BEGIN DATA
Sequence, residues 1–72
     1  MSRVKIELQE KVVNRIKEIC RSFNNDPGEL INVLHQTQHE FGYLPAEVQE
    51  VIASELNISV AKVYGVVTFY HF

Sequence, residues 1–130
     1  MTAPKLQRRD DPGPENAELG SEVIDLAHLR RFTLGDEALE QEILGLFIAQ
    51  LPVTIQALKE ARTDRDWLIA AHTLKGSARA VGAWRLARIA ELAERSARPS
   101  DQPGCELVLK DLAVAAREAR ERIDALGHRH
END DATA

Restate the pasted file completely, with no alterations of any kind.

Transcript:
Sequence, residues 1–72
     1  MSRVKIELQE KVVNRIKEIC RSFNNDPGEL INVLHQTQHE FGYLPAEVQE
    51  VIASELNISV AKVYGVVTFY HF

Sequence, residues 1–130
     1  MTAPKLQRRD DPGPENAELG SEVIDLAHLR RFTLGDEALE QEILGLFIAQ
    51  LPVTIQALKE ARTDRDWLIA AHTLKGSARA VGAWRLARIA ELAERSARPS
   101  DQPGCELVLK DLAVAAREAR ERIDALGHRH